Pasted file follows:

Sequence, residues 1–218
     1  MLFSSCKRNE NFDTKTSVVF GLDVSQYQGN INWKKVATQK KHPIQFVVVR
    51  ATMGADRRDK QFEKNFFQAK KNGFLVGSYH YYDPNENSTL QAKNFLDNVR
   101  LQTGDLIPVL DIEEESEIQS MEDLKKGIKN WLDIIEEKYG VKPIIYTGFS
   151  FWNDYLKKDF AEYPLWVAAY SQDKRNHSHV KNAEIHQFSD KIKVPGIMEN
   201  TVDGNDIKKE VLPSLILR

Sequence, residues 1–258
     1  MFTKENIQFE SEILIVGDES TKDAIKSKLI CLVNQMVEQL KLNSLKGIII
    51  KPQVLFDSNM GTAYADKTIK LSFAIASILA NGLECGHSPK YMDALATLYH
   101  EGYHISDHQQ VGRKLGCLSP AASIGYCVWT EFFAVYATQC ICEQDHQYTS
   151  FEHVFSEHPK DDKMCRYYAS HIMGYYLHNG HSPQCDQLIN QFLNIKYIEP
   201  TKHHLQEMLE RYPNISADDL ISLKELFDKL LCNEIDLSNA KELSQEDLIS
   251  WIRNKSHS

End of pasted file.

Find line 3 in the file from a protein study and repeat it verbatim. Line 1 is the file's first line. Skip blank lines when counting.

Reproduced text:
    51  ATMGADRRDK QFEKNFFQAK KNGFLVGSYH YYDPNENSTL QAKNFLDNVR